If an employee is hired for a specific role, they will usually be offered a written work contract that spells out their rights and responsibilities. This helps them understand what to expect from the role, and it protects the employer and employee from any miscommunication.

The contract can be indefinite, or it could be for a set number of years. It is important to get the right type of contract, as it can determine your salary and other benefits.

Spanish employees are entitled to 22 days of paid leave each year, and they can also take public holidays. They may also choose to bump up their vacation time with a contract or a collective bargaining agreement.

Overtime is not common in Spain, and workers should only work 40 hours per week on average. Employers are allowed to compensate overtime monetarily, but they should give their employees at least 50% more pay than their regular rate.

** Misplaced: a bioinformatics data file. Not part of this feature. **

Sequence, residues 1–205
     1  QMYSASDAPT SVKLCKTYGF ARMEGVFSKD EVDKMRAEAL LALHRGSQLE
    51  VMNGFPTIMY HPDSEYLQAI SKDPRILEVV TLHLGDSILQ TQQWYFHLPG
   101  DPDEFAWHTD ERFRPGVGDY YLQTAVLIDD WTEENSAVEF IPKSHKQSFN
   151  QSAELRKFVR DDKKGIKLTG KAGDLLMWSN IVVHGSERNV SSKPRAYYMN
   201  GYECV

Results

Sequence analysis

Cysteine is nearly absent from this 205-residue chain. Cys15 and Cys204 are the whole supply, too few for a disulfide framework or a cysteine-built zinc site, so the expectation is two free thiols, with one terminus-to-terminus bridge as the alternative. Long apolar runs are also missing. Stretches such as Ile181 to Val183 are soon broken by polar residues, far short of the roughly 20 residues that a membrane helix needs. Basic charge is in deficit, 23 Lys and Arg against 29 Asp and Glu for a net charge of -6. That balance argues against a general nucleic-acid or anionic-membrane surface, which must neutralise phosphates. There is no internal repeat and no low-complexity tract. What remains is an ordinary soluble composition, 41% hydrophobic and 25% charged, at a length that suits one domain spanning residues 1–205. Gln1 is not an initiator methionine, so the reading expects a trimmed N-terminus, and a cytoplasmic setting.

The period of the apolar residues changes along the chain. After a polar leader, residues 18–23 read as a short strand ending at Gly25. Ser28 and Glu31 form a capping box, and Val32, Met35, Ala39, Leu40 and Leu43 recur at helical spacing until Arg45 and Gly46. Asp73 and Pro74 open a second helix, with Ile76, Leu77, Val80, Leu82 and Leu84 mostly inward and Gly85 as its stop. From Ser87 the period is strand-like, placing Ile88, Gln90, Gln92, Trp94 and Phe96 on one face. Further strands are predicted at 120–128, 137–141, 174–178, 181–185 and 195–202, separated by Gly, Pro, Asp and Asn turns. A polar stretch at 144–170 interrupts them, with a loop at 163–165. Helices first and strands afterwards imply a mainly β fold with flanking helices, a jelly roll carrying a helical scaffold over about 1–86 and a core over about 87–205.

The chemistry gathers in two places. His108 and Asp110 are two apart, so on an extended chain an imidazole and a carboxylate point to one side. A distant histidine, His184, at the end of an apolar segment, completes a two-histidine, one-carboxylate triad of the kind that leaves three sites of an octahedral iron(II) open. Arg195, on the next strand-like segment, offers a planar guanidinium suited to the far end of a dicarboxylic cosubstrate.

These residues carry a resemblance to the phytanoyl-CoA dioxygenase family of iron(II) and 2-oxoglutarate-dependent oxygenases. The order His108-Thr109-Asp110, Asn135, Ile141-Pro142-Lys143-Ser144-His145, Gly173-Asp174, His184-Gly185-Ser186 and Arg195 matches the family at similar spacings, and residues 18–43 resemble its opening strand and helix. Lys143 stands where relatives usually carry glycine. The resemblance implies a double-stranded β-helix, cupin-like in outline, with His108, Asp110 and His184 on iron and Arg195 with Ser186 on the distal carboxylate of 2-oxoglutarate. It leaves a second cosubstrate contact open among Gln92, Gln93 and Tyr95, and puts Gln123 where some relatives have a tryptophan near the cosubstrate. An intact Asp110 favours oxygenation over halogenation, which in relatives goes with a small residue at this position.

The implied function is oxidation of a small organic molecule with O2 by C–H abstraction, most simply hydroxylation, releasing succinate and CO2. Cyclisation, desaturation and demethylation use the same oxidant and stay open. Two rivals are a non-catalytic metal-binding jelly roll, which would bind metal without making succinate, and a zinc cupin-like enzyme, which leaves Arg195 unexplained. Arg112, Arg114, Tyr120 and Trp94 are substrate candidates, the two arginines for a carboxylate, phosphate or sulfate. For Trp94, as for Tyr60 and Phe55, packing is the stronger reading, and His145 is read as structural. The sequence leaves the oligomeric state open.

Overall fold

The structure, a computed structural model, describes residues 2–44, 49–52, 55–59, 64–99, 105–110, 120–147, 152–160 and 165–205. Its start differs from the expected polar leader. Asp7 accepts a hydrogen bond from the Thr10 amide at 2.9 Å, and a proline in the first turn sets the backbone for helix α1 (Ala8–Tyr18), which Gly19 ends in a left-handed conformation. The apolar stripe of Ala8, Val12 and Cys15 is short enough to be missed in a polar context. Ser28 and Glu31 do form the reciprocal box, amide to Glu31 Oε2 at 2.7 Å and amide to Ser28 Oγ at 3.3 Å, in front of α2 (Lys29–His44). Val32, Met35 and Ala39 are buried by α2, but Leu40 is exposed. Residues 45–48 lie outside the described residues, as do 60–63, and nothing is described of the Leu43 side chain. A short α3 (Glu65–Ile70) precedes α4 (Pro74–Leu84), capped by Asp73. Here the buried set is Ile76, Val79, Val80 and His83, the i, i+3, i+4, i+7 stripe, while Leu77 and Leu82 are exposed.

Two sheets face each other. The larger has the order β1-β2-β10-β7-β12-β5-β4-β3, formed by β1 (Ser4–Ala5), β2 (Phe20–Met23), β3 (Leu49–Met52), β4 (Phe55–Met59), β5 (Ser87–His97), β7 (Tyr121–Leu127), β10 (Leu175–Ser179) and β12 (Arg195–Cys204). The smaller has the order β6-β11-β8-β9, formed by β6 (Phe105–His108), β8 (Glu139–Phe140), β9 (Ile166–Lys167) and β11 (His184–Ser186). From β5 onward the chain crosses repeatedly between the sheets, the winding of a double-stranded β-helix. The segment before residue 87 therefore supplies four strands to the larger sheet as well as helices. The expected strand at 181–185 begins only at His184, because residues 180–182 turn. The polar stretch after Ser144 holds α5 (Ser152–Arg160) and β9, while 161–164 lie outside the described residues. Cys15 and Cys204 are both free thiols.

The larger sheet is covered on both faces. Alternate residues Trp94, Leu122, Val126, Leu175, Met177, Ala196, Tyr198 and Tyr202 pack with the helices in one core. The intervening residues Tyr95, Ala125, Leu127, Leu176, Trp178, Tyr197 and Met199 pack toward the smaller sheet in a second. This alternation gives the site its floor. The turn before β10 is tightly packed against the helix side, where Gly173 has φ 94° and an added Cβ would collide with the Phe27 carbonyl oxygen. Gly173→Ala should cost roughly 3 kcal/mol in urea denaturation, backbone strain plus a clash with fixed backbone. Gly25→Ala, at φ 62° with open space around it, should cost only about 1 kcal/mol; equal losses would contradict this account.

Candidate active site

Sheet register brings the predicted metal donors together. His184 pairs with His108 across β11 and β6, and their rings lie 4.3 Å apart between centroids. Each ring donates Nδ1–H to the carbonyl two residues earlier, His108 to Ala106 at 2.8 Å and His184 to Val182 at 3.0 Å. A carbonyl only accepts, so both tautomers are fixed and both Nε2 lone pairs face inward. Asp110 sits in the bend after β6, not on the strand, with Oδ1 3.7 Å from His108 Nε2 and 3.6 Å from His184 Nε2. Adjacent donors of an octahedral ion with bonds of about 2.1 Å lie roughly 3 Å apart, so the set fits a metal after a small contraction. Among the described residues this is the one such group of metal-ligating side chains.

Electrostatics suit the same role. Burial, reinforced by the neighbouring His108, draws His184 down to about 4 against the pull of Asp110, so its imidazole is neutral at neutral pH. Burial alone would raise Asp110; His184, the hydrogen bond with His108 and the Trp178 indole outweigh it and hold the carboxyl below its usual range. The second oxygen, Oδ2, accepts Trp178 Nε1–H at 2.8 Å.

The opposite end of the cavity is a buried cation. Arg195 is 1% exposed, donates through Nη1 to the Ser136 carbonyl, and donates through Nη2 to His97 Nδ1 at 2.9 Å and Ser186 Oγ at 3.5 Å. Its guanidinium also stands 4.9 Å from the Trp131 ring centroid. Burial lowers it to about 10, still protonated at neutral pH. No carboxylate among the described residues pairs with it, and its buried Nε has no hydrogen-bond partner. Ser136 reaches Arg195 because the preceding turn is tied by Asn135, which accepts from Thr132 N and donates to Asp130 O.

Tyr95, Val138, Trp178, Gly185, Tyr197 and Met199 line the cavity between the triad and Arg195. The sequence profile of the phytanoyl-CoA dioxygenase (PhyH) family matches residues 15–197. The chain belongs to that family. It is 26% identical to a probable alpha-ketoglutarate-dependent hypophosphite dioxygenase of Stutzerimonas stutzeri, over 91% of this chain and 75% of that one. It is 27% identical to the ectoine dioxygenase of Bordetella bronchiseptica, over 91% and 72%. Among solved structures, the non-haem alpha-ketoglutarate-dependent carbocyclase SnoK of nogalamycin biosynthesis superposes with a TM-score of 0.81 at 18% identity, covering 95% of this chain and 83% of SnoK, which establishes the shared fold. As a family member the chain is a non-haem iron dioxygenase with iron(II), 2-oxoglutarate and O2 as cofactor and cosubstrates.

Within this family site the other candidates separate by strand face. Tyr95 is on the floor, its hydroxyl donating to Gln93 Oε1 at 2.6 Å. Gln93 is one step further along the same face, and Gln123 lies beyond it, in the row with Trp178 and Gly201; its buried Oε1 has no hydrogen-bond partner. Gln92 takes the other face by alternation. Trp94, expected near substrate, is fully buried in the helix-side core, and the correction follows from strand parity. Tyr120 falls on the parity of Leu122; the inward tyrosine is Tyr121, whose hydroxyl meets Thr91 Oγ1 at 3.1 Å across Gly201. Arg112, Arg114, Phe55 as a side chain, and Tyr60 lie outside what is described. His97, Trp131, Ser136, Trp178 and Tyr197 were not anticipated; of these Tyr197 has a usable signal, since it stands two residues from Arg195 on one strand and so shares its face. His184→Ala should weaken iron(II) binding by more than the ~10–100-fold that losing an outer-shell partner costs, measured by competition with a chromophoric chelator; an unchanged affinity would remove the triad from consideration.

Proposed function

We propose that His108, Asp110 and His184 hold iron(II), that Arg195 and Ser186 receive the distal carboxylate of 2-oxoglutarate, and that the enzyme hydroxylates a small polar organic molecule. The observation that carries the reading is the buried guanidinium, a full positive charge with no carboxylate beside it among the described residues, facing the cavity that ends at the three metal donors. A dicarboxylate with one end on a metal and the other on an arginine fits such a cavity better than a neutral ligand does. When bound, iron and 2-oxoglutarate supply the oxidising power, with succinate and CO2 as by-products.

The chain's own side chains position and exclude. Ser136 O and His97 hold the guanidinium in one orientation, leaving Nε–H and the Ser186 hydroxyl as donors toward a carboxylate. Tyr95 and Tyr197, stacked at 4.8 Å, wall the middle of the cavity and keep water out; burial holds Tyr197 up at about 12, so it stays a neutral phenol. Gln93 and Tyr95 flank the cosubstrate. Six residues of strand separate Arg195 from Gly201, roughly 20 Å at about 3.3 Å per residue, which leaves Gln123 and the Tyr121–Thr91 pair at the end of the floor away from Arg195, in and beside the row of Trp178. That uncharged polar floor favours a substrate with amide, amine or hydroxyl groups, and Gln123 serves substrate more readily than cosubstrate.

In addition, employees are able to claim social security benefits for temporary incapacity due to illness or injury. They must get medical certification from the state health service before claiming these benefits.

Discrimination is illegal in Spain and wrongful discrimination based on sex, race, nationality, age, ethnic origin, disability, religion or belief, or other factors can be a valid grounds for a legal claim. If you’re experiencing discrimination, it’s a good idea to file a complaint with the labor court.

Spain’s labor law is extensive and offers significant protection to employees. It covers the individual and collaborative relationships between employers and employees as well as social security, health, and special employment relationships.